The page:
School Garden News – Australia

Kitchen garden funding to go national
Reporter: Lucy Carter,

ELEANOR HALL: Convincing children to eat their greens can be an uphill battle and getting them to enjoy it almost impossible. But a program that’s about to be rolled out to almost 200 primary schools across Australia is promising to turn that around.

The Stephanie Alexander Kitchen Garden Program has been running in Victoria since 2001.
Now the Federal Government has committed $12.8-million dollars to help the project to expand nationally.

Lucy Carter has more.
LUCY CARTER: It’s a program that teaches children literally from the ground up, trying to make the idea of organic food attractive and interesting to years three to six.

Celebrity chef, food writer and founder of the program, Stephanie Alexander explains.
STEPHANIE ALEXANDER: The children have one full class a week in the garden and a double class in the kitchen.

From the very beginnings, they start to learn about where their food comes from. They start to enjoy all the magic of a garden and then once the crops are ready for picking, they take their harvest into the kitchen and in the kitchen they are shown fantastic ways of turning this largely vegetable crop into lovely food.

LUCY CARTER: Ms Alexander says the program encourages children to look at food in a number of different ways.

STEPHANIE ALEXANDER: They learn both actual cooking skills but they also learn the infinite potential of the stuff they’ve grown in the garden and then they sit around a table with their friends and with the volunteers who assist and learn all about the social joys of sharing food around a table which for many of them is a new experience.

LUCY CARTER: Sarah Warren is the Kitchen Garden program coordinator at Southmoor Primary School in Victoria, one of 27 schools in the state that currently has the program in place.

SARAH WARREN: It is not just a program that looks at cooking skills. It is a program that is really developing that whole knowledge of where food comes from and what it looks like if it is growing in the ground and not just picked up from the supermarket.

LUCY CARTER: She says teaching children about sharing food is one of the most rewarding aspects of the program.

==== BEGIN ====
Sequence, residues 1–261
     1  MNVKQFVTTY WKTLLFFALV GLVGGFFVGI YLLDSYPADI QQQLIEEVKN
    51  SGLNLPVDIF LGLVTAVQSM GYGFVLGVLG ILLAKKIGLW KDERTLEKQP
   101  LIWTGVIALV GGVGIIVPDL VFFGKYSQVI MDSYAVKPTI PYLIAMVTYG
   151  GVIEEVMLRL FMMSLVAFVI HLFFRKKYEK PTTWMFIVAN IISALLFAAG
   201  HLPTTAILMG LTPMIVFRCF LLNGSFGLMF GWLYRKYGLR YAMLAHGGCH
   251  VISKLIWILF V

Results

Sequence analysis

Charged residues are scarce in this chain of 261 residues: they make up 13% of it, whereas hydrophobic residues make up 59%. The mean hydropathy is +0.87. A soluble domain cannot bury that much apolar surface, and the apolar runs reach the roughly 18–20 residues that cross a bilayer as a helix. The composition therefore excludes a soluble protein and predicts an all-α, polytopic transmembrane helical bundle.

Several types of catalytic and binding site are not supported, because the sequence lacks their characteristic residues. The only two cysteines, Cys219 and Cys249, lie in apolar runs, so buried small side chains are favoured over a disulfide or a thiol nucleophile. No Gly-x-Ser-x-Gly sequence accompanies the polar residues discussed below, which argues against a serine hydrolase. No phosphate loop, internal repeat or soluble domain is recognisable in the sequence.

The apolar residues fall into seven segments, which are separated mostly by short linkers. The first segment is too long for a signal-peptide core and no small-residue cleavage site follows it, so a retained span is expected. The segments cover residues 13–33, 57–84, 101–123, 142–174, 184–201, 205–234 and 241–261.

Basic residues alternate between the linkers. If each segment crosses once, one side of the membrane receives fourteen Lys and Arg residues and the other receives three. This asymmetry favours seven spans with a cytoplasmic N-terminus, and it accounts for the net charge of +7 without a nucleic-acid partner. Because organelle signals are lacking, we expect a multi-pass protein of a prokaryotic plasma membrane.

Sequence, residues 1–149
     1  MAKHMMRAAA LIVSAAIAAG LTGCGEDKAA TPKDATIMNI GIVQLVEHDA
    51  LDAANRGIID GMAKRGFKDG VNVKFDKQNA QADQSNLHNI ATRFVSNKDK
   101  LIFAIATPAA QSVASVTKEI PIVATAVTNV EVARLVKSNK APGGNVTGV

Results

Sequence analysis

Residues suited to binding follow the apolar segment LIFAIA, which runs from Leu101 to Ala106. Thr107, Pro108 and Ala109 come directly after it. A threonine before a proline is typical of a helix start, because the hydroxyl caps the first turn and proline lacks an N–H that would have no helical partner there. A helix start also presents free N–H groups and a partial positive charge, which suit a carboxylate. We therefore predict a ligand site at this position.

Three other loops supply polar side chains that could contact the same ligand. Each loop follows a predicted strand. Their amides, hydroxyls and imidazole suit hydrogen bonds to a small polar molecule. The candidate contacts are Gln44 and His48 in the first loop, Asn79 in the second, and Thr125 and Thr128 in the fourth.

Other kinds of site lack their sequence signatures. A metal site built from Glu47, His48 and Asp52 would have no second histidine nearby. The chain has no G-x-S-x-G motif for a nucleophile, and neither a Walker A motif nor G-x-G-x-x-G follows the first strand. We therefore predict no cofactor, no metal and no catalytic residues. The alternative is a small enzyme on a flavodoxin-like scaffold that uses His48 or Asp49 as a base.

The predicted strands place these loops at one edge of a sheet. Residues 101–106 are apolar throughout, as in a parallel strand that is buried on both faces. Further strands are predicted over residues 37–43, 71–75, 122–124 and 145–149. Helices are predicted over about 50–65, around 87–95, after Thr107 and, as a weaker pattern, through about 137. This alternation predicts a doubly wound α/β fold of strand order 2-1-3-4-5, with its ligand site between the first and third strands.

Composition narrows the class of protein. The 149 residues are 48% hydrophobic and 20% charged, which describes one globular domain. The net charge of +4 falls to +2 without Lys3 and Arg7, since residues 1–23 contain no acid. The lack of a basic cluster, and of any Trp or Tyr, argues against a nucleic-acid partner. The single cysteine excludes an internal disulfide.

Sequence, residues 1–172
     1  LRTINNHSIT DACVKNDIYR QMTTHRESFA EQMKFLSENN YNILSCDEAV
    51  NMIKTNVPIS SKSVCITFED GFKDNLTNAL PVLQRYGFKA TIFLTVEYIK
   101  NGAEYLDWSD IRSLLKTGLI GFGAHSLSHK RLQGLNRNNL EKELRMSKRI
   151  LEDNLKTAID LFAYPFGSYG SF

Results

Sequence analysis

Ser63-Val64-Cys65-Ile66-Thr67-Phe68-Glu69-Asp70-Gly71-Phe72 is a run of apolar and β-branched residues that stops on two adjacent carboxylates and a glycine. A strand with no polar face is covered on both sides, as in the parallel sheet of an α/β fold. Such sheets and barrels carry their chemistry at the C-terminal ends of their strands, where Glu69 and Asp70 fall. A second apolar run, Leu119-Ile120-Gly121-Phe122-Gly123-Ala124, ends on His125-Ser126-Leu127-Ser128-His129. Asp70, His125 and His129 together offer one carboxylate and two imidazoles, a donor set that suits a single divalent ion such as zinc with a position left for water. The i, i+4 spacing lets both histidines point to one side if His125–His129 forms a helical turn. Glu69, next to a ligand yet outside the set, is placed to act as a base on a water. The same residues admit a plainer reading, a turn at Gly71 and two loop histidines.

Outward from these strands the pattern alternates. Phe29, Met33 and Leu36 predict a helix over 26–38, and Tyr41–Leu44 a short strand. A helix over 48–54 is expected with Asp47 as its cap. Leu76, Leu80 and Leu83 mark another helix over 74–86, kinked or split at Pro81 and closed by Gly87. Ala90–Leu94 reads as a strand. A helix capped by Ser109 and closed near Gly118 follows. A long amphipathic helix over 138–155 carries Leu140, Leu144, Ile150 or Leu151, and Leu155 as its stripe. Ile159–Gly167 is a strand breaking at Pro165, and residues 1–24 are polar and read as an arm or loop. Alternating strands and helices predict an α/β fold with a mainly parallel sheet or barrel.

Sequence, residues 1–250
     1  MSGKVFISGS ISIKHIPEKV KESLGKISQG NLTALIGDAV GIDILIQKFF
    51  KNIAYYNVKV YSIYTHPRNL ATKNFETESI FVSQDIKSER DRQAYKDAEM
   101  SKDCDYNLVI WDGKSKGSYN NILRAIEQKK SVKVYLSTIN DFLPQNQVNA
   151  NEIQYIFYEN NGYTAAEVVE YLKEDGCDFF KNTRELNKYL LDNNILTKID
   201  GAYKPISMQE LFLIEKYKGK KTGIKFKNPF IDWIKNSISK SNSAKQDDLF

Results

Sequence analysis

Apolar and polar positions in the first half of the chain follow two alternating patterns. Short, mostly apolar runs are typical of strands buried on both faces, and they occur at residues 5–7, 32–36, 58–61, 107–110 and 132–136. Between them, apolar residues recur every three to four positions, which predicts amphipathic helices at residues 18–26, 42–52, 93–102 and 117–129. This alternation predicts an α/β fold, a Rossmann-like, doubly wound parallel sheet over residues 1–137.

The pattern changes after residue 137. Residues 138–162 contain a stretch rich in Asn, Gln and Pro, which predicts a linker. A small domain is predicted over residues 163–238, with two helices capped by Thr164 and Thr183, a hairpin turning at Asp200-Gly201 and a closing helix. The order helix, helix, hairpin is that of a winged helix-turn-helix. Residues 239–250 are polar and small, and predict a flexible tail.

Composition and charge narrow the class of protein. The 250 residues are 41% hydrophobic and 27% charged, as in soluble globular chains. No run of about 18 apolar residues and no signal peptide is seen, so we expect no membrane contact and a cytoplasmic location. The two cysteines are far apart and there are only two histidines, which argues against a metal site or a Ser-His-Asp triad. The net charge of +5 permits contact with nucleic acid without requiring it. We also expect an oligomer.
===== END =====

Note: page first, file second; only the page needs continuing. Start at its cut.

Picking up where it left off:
SARAH WARREN: Especially when we first started, I mean the number of children that hadn’t set a table before and hadn’t really sat down on a daily basis and shared a meal with people that they are at home with, so I think that is a really important sort of social aspect of it.

It makes it more than just a cooking program. It makes it more of a, you know sharing what they have eaten and really enjoying and celebrating what they have actually grown.

LUCY CARTER: The program has been so successful in Victoria, it secured $12.8-million dollars in federal funding to help it expand it nationally.

Over the next four years, almost 200 schools will be able to apply for grants to set up their own kitchen garden.

Sharon Reeves is the principal of Alawa Primary School in Darwin. Her school already has a small farm in place, but will incorporate the kitchen garden program from next year, and act as a demonstration school for the Territory.

SHARON REEVES: I think it gives the purpose to the farm. I just think it is a wonderful opportunity for our students that I can’t see any equivalent for.

LUCY CARTER: She says the school has huge expectations for the project.

SHARON REEVES: Big visions of inviting like the dads one week and the mums another week and maybe grandmas or friends of the family, because we really want to encouraging that link too and build it in – working in partnership between the school and home, and therefore strengthening the links of school that way as well.

LUCY CARTER: The Federal Government is expected to announce this week which schools have received grants to start kitchen garden projects.

ELEANOR HALL: Lucy Carter reporting.

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